FRISCO — The average February temperature across contiguous United States was well below the 20th century average. With an average reading of 32.2 degrees Fahrenheit (1.6 degrees below average), last month will go down in the books at the 37th-coldest February on record, the National Climatic Data Center reported in its regular monthly update.

The winter season overall (December to February) was 1.0 degrees Fahrenheit below average, making it the coldest winter since 2009-2010. This winter stood in sharp contrast to the last two winters, and most winters of the past two decades, when temperatures were predominately warmer than the 20th century average, the climate data center said. Read the full report here. Continue reading

Climate: How will Europe cope with growing flood risks?

New study outlines adaptation options

Central Europe 72h rain fall at 2.6.2013 en

Widespread heavy rainfall led to historic flooding across Central Europe in June, 2013. Map via Wikipedia, under a Creative Commons license.

By Summit Voice

FRISCO —Europe needs to update its risk management strategy to adapt to the growing threat of floods, an international team of experts said this week, projecting that flood costs will climb dramatically during the next few decades.

By 2050, average annual flood-related costs could soar to €23.5 billion, up from the €4.9 billion in average annual losses for the 2000 to 2012 period, according to a new study published in the journal Nature Climate Change by researchers from the International Institute for Applied Systems Analysis and other European institutions.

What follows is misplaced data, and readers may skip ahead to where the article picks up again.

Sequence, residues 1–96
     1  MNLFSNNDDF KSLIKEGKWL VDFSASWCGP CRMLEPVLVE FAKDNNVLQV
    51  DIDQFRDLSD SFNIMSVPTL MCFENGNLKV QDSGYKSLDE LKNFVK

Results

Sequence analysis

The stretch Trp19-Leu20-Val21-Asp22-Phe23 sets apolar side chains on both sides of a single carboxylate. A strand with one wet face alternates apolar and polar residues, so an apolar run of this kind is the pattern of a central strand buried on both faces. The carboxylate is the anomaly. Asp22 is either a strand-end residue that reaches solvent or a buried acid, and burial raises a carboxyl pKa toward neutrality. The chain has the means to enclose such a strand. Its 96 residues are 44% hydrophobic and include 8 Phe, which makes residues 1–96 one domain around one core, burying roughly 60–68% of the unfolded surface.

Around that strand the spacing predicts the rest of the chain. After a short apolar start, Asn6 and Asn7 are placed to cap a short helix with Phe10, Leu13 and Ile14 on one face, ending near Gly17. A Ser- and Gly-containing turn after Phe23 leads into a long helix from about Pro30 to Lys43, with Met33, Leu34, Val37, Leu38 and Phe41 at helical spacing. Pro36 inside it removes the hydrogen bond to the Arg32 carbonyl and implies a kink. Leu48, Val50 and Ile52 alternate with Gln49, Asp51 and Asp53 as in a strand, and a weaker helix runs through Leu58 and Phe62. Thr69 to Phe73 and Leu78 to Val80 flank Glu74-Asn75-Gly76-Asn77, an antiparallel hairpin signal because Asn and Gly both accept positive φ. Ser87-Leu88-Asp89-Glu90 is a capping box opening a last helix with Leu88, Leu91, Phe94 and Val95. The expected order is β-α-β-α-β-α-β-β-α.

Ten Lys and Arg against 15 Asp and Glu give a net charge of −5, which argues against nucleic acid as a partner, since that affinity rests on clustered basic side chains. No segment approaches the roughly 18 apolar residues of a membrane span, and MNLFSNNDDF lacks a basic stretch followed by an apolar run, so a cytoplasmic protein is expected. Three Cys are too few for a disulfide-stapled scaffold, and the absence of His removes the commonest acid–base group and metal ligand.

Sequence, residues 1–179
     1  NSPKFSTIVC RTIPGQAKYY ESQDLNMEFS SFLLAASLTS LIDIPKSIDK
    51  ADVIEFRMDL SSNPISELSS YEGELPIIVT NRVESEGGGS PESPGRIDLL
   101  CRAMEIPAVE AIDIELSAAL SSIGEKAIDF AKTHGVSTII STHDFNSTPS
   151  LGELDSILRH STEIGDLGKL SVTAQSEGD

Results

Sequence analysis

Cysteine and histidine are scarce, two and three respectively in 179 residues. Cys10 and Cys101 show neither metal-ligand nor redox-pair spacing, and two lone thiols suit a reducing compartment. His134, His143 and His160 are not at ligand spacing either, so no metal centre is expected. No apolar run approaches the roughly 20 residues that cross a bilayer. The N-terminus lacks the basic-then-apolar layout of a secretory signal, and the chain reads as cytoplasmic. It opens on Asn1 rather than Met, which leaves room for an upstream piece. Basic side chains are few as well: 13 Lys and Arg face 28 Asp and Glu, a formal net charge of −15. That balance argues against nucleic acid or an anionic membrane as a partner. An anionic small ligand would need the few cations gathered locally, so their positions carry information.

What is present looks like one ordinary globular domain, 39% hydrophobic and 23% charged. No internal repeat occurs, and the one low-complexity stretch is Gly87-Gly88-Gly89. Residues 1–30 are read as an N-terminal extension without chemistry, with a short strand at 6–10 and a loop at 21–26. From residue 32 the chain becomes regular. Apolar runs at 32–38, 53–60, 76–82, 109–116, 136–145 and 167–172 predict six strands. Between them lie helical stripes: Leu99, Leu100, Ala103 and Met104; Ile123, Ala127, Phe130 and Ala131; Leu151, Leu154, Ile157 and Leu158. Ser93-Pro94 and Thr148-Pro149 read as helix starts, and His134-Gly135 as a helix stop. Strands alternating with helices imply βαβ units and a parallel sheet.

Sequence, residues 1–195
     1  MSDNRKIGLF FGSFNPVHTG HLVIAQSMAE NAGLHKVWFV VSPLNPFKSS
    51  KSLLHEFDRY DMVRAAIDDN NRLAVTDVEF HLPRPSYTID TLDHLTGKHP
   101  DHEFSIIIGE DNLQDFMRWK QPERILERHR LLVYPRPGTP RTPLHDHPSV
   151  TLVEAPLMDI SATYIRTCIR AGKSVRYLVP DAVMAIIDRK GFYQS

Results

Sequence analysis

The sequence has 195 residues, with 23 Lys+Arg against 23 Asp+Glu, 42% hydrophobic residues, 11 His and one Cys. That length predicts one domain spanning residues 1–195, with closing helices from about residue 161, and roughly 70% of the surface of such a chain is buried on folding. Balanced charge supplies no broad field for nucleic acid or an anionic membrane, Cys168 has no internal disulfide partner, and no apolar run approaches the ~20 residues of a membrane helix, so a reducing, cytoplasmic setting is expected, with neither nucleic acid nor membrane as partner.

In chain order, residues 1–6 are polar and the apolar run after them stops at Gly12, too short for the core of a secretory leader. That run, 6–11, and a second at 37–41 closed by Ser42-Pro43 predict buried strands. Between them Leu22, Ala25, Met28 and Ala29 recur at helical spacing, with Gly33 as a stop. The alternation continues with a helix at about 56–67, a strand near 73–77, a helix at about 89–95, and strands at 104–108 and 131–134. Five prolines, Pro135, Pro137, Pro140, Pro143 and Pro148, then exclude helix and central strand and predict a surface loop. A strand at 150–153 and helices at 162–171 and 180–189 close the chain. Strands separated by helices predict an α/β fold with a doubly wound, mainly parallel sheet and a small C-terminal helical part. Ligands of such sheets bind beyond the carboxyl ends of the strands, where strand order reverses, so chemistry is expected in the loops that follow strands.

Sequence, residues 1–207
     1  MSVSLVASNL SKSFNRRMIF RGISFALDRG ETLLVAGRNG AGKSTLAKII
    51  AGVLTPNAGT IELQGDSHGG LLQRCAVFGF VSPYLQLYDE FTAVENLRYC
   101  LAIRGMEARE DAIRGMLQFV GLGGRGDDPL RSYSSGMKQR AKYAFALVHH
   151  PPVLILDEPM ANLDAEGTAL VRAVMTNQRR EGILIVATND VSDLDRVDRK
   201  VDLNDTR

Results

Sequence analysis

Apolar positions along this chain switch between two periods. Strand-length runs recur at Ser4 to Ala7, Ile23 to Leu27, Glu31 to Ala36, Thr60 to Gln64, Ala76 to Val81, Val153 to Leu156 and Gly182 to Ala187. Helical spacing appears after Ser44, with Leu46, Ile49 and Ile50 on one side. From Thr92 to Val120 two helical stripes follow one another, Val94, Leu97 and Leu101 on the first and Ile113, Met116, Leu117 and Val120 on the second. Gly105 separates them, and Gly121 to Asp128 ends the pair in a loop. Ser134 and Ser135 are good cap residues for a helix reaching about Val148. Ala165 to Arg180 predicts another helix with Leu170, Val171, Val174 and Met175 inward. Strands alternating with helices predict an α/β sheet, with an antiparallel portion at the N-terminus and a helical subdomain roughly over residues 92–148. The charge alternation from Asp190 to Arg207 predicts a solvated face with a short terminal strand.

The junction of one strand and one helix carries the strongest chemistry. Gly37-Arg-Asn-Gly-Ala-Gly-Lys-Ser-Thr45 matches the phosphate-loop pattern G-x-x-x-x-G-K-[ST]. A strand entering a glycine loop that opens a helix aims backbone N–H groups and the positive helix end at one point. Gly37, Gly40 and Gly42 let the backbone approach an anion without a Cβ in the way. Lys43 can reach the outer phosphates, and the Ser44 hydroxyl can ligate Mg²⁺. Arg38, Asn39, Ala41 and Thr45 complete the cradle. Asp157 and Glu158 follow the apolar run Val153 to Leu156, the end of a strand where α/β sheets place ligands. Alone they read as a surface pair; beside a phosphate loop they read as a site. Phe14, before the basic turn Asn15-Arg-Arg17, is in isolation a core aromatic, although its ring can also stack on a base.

Eying the widespread transnational threat, the team of economists and hydrologists advocated for restructuring pan-European funding mechanisms to better manage flood risks. Continue reading

Climate: Is there a link between this winter’s extreme weather and global warming?

No certainty yet, but new climate models may shed some light


A NASA map based on satellite temperature readings shows plenty of global hotspots during January, 2014. Visit this NASA website to create your own map.

By Summit Voice

FRISCO — Climate scientists and weather experts are edging ever-closer to linking between more frequent extreme weather events and global warming. In a mid-month bulletin, the World Meteorological Organization focused on persistent flooding in the UK and extreme cold weather in the Eastern U.S.The organization also pointed out that some southern hemisphere land areas were near record warm during the first several weeks of 2014. Continue reading

Climate: World’s hottest areas getting even warmer


A 2013 heat wave in Australia set all-time records.

‘The hottest extremes got hotter and the events happened more often’

By Summit Voice

FRISCO — While the rate of increase in average global surface temperature varies, there’s a more steady upward trend in extreme heat events over land, according to scientists with the ARC Centre of Excellence for Climate System Science.

The international research team published their findings after studying the rise of temperatures at the extreme end of the spectrum where impacts are felt the most.

“It quickly became clear, the so-called “hiatus” in global average temperatures did not stop the rise in the number, intensity and area of extremely hot days” said one of the paper’s authors Dr Lisa Alexander. Continue reading